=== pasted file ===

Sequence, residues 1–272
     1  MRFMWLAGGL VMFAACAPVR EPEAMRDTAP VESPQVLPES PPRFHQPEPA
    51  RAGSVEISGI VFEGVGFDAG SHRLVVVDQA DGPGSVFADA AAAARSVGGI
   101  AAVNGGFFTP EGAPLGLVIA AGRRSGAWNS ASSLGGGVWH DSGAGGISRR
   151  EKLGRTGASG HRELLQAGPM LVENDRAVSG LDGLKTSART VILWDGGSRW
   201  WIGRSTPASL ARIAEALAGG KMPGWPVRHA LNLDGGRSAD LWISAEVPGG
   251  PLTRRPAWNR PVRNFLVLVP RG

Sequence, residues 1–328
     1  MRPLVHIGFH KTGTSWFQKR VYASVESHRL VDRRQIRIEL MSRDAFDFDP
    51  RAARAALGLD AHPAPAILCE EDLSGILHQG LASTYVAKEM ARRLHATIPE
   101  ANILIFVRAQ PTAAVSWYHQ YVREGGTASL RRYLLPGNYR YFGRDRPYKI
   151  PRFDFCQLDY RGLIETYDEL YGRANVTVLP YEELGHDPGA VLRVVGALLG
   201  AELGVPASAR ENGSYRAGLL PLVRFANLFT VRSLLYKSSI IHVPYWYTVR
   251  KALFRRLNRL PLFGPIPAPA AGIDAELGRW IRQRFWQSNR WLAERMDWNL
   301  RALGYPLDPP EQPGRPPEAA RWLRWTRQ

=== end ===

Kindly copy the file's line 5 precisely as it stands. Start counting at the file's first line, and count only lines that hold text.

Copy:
   151  EKLGRTGASG HRELLQAGPM LVENDRAVSG LDGLKTSART VILWDGGSRW